DRDs are potentially treatable disorders. Starting treatment with L-dopa early can give dramatic and sustained relief of symptoms, improving performance of activities of daily living and quality of life. It is important to give an adequate therapeutic trial of l-dopa—at least 300 mg daily for 3 months. This is usually decisive. Rarely, however, a limited or uncertain l-dopa response may not confirm or exclude the diagnosis of DRD. In this situation, identifying a biochemical defect or relevant genetic mutation may secure the diagnosis of a possible DRD syndrome.  We now suggest a protocol to investigate suspected DRD cases

Trial of L-dopa. In children, L-dopa (in combination with a dopa-decarboxylase inhibitor) should be started at 1 mg/kg/day in divided doses. This can be increased gradually according to tolerability and response, with most children requiring 4–5 mg/kg/day. For adult patients, L-dopa (with dopa-decarboxylase inhibitor) should be started at 100 mg/day in divided doses. L-dopa can be gradually increased, and most patients will respond to 300–400 mg/day.
In a case series of 58 patients with DRD, the average L-dopa requirement of 29 patients with identified GCH1 mutations was 166 mg/day (range 25–400 mg/day). L-dopa requirements in those without GCH1 mutations were higher at 232 mg/day (range 12.5–600 mg/day)...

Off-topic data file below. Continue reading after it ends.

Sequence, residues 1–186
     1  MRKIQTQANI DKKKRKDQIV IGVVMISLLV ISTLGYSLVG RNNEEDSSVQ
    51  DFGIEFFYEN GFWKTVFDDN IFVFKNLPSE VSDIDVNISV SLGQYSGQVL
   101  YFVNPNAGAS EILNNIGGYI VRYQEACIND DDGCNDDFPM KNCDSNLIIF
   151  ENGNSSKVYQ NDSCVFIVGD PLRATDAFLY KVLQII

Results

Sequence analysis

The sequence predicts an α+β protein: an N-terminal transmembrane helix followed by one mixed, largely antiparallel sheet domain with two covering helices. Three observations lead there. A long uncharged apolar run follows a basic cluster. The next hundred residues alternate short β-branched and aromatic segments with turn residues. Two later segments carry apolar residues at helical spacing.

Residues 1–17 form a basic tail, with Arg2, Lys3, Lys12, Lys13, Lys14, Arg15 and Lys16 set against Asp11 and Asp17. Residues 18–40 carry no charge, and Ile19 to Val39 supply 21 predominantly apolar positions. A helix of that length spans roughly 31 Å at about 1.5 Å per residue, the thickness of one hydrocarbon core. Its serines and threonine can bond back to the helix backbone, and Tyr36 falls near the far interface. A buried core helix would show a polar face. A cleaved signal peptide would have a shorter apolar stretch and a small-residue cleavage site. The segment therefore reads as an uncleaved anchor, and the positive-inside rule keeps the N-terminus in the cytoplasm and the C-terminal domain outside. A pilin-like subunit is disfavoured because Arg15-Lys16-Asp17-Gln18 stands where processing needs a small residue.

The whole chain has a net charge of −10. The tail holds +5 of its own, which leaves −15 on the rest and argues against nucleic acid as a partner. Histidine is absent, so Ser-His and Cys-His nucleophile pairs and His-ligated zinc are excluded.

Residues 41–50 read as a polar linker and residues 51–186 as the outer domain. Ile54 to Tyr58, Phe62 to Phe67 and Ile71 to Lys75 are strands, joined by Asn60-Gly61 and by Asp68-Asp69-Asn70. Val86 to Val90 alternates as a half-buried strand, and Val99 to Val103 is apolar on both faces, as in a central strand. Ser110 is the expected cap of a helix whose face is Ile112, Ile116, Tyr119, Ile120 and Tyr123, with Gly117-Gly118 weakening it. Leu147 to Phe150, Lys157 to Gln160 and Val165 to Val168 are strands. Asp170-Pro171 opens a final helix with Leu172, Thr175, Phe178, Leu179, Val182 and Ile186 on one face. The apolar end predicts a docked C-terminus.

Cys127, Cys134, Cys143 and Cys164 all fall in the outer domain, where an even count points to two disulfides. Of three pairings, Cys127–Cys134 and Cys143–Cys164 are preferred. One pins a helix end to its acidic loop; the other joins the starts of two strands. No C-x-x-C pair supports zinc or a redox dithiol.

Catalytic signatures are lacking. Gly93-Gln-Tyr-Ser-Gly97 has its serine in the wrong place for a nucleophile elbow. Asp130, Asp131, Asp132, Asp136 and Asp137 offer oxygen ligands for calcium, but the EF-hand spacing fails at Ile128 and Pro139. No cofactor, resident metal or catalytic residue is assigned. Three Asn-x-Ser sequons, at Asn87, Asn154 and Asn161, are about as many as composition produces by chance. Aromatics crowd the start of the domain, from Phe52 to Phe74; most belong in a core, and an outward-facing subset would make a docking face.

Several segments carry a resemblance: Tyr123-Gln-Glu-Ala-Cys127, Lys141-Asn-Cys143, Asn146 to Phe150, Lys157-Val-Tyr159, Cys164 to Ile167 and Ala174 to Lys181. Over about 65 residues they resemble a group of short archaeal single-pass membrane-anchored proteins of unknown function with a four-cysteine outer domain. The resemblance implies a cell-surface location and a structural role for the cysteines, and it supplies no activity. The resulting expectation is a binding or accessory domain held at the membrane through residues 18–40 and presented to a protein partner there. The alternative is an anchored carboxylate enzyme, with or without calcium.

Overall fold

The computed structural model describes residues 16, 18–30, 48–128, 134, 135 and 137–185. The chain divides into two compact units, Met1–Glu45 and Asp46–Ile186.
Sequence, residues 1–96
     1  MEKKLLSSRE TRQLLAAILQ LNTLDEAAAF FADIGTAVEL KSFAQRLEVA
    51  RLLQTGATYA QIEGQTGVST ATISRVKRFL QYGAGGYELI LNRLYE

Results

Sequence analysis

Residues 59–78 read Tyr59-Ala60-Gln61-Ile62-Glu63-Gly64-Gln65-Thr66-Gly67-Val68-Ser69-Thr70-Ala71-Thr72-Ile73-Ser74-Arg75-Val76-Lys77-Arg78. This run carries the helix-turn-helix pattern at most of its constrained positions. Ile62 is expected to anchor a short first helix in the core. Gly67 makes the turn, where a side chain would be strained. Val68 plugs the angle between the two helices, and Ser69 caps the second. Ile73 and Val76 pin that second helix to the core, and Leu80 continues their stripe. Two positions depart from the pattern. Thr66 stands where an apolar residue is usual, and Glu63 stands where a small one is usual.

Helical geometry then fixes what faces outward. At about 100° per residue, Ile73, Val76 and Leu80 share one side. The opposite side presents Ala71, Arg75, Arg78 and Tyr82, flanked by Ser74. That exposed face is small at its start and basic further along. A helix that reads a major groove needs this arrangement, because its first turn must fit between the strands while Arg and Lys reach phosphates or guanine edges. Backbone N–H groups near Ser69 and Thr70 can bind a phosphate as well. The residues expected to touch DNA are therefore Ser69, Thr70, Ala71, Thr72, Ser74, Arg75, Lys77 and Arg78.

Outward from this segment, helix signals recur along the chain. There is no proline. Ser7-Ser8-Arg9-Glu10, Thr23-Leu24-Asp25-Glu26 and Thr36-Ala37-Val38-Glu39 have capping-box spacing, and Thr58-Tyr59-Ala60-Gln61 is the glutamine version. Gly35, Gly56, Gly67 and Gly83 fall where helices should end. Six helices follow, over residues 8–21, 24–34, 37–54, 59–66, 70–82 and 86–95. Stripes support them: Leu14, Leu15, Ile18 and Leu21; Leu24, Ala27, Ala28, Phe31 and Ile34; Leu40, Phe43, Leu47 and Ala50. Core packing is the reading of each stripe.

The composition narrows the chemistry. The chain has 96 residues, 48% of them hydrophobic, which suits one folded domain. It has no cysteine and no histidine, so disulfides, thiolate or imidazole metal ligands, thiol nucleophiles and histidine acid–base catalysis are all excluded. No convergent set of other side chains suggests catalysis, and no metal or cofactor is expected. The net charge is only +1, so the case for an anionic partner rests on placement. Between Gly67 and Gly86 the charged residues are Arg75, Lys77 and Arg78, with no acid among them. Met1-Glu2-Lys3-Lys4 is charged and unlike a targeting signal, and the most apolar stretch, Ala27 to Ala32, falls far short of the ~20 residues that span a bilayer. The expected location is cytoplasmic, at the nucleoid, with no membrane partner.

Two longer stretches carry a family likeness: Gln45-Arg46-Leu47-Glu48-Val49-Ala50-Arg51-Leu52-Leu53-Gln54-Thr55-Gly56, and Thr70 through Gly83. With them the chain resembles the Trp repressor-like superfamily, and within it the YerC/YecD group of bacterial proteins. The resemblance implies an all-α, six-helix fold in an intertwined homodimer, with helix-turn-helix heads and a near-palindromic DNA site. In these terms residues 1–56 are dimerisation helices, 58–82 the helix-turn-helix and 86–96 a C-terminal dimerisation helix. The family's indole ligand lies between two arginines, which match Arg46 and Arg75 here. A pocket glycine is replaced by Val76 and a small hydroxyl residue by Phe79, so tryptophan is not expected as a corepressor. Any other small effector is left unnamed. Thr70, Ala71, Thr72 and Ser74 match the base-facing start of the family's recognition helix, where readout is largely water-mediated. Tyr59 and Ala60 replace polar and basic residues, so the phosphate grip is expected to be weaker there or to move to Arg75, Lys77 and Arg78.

There are over 200 different mutations described in the GCH1 gene located on chromosome 14q22.1–q22.2 that result in GTPCH-DRD. Whole gene sequencing should be performed due to the high number of pathogenic mutations described. In adults and children aged older than 1 year, this is the most likely gene to be mutated. In infancy, the causative genetic mutation most likely resides in either the SPR or TH genes. There are about 15 different known mutations in the SPR gene, which codes for the SR enzyme, located on chromosome 2p14–p12 and over 50 different known mutations in the TH gene located on chromosome 11p15.5. Several laboratories now offer multigene panel testing (using DNA microarray) for all three genes (GTPCH, SR and TH). Patients and their families should have access to appropriate prediagnostic and postdiagnostic genetic counselling...